This past weekend we spent some time on the south end of Keuka Lake in the Finger Lakes region of Western New York. We were just north of the town of Hammondsport, which is almost famous for the nation’s fourth oldest winery and as the hometown of Glenn R. Curtiss, the guy who actually flew before the Wright Brothers. As the story goes, the Wright Brothers got the patent first, and all the fame too. (More info available at the Curtiss Museum.)
When were there, we spent most of our time listening to live music and visiting a few entrepreneurial start-ups. If you were to guess they were mostly wineries and craft breweries, you wouldn’t be wrong.
We visited some antiques shops too. (Don’t you dare call them junk shops.) And I found some wonderful comic books, and comic-adjacent treasures.
There’s a certain charm to the last issue of a comic, especially when the creators realize the party is almost over. Charlton’s The Partridge Family #21 (Nov 1973) is a perfect example.
The Partridge Family was an early 1970s TV series about a single mom and the musical act that she and her kids created. From my pre-teenage point of view back then, it was kind of like a slightly hipper version of the Brady Bunch. And like that show, it was on every Friday night. As a kid, I was a bit interested in Laurie Partridge, played by Susan Dey. As an adult, it’s the mother who’s the most interesting of the bunch. How did I ever get so old?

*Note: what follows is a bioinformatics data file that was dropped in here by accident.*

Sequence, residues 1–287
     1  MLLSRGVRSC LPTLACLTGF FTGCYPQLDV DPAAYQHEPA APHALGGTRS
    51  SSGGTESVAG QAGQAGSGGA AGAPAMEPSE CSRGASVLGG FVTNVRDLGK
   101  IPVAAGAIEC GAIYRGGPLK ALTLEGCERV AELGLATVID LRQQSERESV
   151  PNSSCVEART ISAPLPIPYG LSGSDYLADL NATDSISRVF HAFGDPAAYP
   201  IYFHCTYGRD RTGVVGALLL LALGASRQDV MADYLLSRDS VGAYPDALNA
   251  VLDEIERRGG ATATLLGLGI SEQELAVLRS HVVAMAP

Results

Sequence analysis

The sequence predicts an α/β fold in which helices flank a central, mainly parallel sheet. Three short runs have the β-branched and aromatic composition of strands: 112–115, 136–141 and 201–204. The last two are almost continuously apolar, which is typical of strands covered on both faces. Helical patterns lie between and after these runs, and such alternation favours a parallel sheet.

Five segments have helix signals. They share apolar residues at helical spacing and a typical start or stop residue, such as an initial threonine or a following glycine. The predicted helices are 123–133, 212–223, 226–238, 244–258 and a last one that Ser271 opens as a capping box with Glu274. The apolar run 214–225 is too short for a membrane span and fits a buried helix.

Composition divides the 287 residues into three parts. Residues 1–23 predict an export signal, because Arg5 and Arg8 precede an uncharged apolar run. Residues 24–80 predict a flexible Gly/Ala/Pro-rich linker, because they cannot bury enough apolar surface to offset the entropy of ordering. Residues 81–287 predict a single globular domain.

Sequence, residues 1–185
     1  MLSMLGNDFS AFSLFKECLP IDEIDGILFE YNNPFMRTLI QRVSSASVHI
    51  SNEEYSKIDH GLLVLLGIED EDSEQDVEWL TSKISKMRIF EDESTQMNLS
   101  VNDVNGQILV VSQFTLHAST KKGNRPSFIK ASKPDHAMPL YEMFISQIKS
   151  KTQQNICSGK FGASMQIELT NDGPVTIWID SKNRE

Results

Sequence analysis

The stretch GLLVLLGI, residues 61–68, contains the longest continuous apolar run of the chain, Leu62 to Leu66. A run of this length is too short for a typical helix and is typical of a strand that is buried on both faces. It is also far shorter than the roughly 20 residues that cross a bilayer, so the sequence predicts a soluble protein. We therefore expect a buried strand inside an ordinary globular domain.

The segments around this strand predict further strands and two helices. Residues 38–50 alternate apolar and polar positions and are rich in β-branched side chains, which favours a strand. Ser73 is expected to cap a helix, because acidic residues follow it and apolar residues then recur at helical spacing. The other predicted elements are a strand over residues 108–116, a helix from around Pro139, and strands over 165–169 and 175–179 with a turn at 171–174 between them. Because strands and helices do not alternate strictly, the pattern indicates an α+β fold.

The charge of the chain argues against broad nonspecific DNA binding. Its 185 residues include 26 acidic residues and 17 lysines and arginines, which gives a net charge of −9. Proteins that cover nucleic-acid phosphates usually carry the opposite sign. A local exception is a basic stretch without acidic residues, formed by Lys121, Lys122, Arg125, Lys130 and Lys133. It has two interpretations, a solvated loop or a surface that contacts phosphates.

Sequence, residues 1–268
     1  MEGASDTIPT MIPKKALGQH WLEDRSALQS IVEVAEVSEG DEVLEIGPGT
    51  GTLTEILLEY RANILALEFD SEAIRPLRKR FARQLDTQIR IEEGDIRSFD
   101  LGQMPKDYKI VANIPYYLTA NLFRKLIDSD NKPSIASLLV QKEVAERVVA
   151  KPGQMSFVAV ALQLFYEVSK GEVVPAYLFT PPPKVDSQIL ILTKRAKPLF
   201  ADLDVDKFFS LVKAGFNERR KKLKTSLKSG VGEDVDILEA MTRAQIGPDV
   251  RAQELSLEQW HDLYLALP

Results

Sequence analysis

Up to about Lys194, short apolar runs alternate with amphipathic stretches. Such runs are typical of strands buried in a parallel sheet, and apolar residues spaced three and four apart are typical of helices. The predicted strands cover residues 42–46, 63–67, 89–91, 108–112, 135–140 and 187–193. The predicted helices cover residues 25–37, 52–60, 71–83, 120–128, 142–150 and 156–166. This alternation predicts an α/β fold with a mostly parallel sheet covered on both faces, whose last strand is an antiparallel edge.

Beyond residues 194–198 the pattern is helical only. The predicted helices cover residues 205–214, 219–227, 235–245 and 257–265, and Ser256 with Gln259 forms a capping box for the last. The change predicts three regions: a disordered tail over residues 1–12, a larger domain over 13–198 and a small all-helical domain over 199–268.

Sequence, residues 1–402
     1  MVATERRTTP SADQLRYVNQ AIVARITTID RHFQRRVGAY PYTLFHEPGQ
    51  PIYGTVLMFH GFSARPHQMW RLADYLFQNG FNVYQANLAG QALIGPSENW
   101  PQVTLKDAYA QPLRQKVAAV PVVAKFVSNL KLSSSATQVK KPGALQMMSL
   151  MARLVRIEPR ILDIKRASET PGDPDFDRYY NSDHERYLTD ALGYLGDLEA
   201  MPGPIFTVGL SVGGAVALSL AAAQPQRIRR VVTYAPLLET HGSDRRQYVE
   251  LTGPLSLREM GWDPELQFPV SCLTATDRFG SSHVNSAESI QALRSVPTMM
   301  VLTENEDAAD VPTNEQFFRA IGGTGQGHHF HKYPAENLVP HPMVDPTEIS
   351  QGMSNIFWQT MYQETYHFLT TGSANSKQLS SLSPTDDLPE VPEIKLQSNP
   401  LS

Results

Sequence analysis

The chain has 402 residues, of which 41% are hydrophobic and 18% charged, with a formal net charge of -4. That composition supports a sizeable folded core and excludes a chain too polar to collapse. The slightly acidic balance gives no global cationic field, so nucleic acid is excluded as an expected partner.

Anyways, I picked up a nice copy of The Partridge Family #21, the final issue of the series, for just $6 bucks. I was initially drawn to it because the cover artist, Don Sherwood, captured the actors’ likenesses pretty well.
But the surprising part is that just about the whole comic is a series of full-page portraits. Don Sherwood, bless his heart, draws portraits and a few girls in bikinis for the beach scene, and the Partridge Family’s version of their Batmoblie, an old school bus repainted to transport their musical equipment. I don’t think there was ever a comic, even the most bombastic 70s Kirby issue, that had so many splash pages!
There is such an emphasis on drawing faces that stories leave out things like “the rationale” and “the end”. One story is clearly missing pages. But in the end, who cared? I gather this was meant to be a fan magazine so that young fans could cut out the pictures. Continue reading “With Further Ado #215: A Tale of Three Treasures”